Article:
Originally from the Boston area, Sr. Marie Paul Curley entered the Daughters of St. Paul when she was a teenager. She now shares the joy of her calling by serving as regional vocation director for the Daughters of St. Paul in Canada. Sr. Marie Paul is an author and screenwriter, and in her free time enjoys delving into the writings of Saint Paul and exploring the connections between faith and art.
People are too polite to ask me the first time we meet, but later, one of the first questions I am asked when someone gets to know me is: “Are you really happy being a religious sister?” I want to tell them that I’m not that good of an actress. With me, what you see is what you get. If I look happy, it’s because I really am. How could I not be happy? My deepest dreams are coming true.
When I was a kid, I dreamed big and deep. My big dreams? I planned to become a nurse, and I dabbled with the idea of being a musician, veterinarian, poet, and playwright.
Deep dreams are the ones that we don’t usually talk about. I had a lot of those, too: to fall in love and stay in love, to make a difference in the world, to really help people. I wanted to become the person that God created me to be, to find my place in the world, and to give my life away for a great cause.
When our deep dreams are fulfilled, they become a source of tremendous happiness. And I think that’s one reason why I’m so happy as a Pauline sister. As a Daughter of St. Paul, I am continually encouraged to grow into my best self by focusing my life on Christ. No Master is gentler; and no Master asks for more.
Life can get pretty full, so full that sometimes I feel my heart is going to burst. Daily, I cherish the time where I sit at the feet of my Beloved, opening myself to him and praying for those who need his loving touch. I share my life with a community of women who are united by a thirst for holiness and a yearning to satisfy the spiritual hunger of the world with the joy that only Christ can give.
The Pauline vocation demands a lot. Fulfilling deep dreams isn’t easy. I’ve discovered that if I really want to love wholeheartedly—if I want my heart to become Jesus’ heart (the deepest dream of all)—then I have to sacrifice not only the selfish part of my ego, but other parts of me, too. There’s no room for selfishness or pettiness in a heart that has to make room for the world!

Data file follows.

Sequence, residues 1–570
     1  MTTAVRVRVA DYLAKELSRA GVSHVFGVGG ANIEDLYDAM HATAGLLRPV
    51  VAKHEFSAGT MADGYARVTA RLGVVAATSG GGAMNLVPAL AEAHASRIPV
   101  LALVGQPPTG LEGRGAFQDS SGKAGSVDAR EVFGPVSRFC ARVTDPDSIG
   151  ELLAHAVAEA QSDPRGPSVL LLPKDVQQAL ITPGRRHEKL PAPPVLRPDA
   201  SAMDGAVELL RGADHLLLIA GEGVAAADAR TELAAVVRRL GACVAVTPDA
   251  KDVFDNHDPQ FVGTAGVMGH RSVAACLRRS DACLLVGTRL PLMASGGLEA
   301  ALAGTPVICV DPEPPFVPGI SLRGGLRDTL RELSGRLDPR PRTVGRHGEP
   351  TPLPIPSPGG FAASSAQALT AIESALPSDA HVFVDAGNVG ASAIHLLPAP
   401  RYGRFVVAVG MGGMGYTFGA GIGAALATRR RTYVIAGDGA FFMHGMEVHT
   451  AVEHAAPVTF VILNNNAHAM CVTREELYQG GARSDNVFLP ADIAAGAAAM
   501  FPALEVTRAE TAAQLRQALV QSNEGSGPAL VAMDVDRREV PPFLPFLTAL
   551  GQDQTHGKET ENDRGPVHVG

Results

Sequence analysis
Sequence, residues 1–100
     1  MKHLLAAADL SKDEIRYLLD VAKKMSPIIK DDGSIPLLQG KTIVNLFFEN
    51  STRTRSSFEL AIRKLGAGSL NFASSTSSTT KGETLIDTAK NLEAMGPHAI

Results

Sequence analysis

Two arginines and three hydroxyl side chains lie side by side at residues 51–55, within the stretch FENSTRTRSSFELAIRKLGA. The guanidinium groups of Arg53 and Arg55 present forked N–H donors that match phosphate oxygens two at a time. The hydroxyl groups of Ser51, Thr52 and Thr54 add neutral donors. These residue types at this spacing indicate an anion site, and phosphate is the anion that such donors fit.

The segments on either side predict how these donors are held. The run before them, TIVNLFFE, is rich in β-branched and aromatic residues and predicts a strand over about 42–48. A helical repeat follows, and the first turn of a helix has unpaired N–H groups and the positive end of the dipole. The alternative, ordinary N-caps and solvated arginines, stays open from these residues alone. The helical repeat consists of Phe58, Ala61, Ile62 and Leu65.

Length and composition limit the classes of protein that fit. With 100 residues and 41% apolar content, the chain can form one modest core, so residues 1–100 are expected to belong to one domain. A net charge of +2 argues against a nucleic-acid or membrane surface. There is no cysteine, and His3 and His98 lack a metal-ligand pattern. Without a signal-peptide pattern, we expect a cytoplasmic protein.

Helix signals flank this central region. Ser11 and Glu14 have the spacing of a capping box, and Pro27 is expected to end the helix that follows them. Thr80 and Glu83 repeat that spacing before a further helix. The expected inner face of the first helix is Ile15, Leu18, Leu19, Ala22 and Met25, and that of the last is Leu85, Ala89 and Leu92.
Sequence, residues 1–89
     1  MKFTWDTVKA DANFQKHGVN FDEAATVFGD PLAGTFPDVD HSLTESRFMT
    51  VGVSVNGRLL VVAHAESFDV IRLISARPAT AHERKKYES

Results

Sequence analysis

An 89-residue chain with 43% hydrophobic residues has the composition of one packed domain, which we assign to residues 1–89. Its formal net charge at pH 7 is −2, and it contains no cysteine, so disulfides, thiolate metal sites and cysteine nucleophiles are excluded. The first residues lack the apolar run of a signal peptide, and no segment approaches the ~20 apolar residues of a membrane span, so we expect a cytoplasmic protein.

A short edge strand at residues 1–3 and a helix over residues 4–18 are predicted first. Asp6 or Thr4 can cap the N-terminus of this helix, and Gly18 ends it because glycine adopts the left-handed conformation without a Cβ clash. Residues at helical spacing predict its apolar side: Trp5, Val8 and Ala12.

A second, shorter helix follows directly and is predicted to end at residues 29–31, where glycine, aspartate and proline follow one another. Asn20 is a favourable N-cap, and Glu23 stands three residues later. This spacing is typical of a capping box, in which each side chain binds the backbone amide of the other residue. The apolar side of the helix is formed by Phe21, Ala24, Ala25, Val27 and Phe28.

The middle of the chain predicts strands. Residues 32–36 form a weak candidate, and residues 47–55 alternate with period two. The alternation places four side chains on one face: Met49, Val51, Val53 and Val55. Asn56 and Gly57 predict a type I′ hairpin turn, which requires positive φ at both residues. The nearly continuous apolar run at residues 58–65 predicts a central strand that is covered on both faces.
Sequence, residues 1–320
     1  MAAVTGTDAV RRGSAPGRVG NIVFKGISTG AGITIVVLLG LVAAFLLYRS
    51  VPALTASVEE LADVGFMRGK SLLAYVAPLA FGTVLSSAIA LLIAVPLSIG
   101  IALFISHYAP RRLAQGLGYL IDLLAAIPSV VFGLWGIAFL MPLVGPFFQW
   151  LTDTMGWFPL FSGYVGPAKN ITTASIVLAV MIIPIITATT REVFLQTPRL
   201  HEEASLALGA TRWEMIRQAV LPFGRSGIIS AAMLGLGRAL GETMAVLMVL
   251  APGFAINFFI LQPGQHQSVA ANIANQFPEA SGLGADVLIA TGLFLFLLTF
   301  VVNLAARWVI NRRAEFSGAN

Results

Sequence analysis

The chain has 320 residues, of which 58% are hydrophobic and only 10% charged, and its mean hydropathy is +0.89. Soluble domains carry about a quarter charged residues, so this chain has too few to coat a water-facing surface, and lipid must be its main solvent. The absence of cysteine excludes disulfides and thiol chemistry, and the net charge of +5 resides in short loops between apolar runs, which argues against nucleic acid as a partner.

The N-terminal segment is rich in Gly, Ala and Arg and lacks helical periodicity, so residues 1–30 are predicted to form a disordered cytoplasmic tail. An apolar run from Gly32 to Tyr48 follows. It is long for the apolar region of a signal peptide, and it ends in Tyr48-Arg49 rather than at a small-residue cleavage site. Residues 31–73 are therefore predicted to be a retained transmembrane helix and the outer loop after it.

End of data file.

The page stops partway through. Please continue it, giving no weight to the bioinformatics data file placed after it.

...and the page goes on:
This transformation is a delicate process that I sense will never be complete. Despite the sacrifices involved, I’ve also discovered firsthand the truth of Jesus’ saying that it’s in giving myself away that I find myself—or rather, that I am found. This “being found” by Christ Jesus is the source of my greatest joy, unimaginable to me before.
I think the real key to being a Pauline is to feel, like St. Paul, an inner urgency to communicate Christ’s joy and hope to as many people as possible. Sometimes this urgency becomes so great that I lose perspective, like when I have a bad writing day. (I define a “bad writing day” as a day when I erase more words than I write.) But then I remember that Jesus doesn’t care about my limitations. And being divine, he doesn’t actually need me to do anything except be open to his will. He is the Resurrection and the Life, he is the One who saves. What he seems to want from me are simply my efforts and my heart, and then he uses those in some mysterious way to offer grace to others.
I’m convinced that I will spend the rest of my life and a good chunk of eternity “untangling” the threads of grace God so mysteriously weaves through my life. Our Founder, Blessed James Alberione, once summed up our Pauline mission this way: “We are the pen of God; we are the voice of God.” Imagine saying this and really believing it: God is so close that God writes through me; God can speak through me!
That’s a great description of this happy mystery of my life as a Pauline: God’s incredible closeness and astonishing desire to offer grace through me.